Empathically, we want the international community to understand the fact that Pakistan is committing Baloch genocide just because Baloch want to liberate their homeland from Pakistani occupation. Current Baloch leadership is extremely aware of the politics of the bargaining chip in the regional conflicts. Baloch don’t want to be a part of that, rather, they want to be a real partner in peace and prosperity as enjoyed by other nations of the world.
The secular Baloch have a logical case to present before international community for consideration. Baloch lost their sovereignty to British-backed Pakistani aggression in 1948. We believe, if Balochistan, as a secular and democratic nation, was helped to regain its sovereignty, would be the antithesis of the universal concept of Jihadism of Islam and would radiate secular and democratic values in the region.
Archen Baloch is a freelance Balochistan journalist, he tweets from @ArchenBaloch, He is associated with Free Balochistan Movement under the leadership of Hyrbyair Marri.
At the March 2016 Nuclear Security Summit (NSS) President Obama warned of the possibility of a terrorist group such as the Islamic State (IS) gaining access to a nuclear weapon as a real threat and ‘one of the greatest threats to global security’. While there was focus on this comment shortly after it was made, other news quickly overshadowed it. However, I feel that it should not be dismissed so soon. This is because of the higher likelihood of Obama’s warning coming true. In this specific context of Pakistan, this article explains why.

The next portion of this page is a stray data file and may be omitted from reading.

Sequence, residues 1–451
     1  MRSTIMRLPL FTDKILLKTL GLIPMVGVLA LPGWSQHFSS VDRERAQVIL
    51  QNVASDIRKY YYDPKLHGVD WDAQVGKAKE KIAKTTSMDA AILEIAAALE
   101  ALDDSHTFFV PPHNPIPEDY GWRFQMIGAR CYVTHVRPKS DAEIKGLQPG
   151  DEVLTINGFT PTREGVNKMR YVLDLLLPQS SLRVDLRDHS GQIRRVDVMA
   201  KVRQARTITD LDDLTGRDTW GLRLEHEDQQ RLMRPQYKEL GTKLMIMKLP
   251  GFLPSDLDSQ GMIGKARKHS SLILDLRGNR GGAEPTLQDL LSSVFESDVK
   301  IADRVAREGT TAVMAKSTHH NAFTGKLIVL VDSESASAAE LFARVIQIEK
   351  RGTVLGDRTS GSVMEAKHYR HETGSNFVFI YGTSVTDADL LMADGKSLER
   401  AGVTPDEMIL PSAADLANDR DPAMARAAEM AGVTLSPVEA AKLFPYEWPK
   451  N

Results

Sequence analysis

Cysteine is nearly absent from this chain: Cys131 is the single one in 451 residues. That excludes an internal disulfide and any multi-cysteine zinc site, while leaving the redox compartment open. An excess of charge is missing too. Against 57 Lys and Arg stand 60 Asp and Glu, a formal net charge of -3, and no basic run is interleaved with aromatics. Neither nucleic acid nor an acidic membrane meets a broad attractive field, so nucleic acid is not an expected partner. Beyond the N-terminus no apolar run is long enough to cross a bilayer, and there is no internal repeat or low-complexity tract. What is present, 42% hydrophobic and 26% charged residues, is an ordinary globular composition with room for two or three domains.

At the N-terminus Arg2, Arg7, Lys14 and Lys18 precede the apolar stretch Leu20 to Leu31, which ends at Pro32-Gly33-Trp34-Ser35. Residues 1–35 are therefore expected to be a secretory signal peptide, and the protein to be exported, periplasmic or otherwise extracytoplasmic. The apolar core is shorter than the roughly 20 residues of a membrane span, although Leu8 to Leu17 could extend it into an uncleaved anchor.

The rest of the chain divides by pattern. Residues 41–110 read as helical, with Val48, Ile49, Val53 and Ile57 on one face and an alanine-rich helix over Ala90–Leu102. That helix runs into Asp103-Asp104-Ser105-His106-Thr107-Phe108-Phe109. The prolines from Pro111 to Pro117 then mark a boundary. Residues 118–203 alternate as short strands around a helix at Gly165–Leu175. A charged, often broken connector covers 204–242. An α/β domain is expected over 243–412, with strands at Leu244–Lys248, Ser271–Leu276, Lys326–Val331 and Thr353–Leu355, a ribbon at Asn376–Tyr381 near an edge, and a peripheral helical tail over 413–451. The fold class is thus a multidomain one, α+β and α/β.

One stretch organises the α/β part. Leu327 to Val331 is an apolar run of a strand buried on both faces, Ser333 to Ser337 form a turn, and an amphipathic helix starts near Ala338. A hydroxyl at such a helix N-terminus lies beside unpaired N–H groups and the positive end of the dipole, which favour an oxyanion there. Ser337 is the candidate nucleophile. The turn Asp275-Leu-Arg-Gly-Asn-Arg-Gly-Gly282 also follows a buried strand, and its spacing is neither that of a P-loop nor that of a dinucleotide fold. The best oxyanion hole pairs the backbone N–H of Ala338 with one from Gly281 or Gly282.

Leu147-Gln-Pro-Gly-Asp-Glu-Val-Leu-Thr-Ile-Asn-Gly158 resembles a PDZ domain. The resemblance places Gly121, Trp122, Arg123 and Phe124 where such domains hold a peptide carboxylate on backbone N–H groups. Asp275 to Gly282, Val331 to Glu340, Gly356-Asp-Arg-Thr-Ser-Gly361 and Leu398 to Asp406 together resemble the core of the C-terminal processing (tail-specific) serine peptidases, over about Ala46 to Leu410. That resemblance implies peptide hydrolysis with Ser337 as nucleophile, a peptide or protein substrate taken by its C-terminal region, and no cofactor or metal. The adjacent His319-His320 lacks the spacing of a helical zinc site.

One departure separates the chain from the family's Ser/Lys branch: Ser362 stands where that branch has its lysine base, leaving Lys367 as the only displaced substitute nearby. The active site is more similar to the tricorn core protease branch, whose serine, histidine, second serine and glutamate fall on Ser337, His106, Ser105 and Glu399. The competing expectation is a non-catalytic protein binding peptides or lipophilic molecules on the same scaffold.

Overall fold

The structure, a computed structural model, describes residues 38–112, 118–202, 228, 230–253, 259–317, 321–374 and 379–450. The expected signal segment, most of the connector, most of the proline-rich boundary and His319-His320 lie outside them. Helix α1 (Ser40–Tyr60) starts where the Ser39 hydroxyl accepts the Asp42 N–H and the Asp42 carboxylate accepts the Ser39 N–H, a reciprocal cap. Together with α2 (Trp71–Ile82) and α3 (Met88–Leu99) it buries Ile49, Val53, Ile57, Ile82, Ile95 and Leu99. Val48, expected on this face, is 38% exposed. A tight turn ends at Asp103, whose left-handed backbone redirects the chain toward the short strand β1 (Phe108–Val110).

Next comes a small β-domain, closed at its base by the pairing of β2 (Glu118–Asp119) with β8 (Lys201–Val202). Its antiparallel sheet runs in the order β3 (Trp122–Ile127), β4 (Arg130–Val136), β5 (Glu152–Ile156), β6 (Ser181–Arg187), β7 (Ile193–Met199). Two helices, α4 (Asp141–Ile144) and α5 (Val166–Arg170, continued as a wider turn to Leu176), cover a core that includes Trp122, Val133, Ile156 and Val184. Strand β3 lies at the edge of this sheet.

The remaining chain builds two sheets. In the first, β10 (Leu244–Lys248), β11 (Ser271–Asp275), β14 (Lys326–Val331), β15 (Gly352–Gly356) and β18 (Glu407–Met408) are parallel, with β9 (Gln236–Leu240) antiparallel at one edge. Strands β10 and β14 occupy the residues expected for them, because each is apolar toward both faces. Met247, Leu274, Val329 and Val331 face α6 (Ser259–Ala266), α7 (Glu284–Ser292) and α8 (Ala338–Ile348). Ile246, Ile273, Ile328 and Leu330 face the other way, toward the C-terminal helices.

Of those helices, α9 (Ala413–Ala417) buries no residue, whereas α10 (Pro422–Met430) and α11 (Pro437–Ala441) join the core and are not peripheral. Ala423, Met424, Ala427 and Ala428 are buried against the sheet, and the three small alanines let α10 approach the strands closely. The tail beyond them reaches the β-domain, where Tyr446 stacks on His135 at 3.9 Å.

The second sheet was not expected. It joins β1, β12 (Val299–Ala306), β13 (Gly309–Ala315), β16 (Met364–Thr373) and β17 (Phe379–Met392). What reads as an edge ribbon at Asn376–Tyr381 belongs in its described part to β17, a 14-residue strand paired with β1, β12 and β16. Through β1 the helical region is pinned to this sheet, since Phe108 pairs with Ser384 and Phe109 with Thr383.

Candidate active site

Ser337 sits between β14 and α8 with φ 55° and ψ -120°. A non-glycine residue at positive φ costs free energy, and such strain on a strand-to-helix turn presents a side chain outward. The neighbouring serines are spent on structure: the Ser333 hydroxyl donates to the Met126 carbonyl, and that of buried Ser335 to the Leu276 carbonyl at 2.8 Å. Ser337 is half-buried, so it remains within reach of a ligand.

First of all, Pakistan as a state is not the most stable. The country only recently saw its first transition from one democratically-elected government to another, back in 2013. Prior to that, Pakistan was seemingly stuck in a pattern of interchanging civilian government and military rule. Recent revelations about Prime Minister Nawaz Sharif’s family in the recently leaked Panama Papers highlights the problem that Pakistan has with corruption of its leaders. As an independent country, Pakistan is still relatively young and is set to mark its 69th independence day in August this year. Therefore, within the context of international development, the country is still finding its feet. In combination with the corruption, Pakistan is therefore a malleable state. As a nuclear-armed nation with the close proximity of war-torn Afghanistan, the potential for nuclear weapons to transit through the chaotic Middle East certainly exists.
Contributing to this instability is the growing threat of radicalisation in Pakistan, with the Pakistani Taliban the biggest source of that threat. Recent attacks by the Taliban, such as in Lahore in March 2016 and in Peshawar in December 2014 are the strongest evidence of the country’s vulnerability to radicalisation and subsequent terrorism. The perpetrators of the Lahore attack were known to have been targeting Christians, particularly children, a characteristic that is shared with IS. This seemingly common motivation of attacking non-Muslims has the potential to be a horrifying foundation for collaboration between IS and the Taliban. If one of them somehow obtains a nuclear weapon, the consequences could be catastrophic.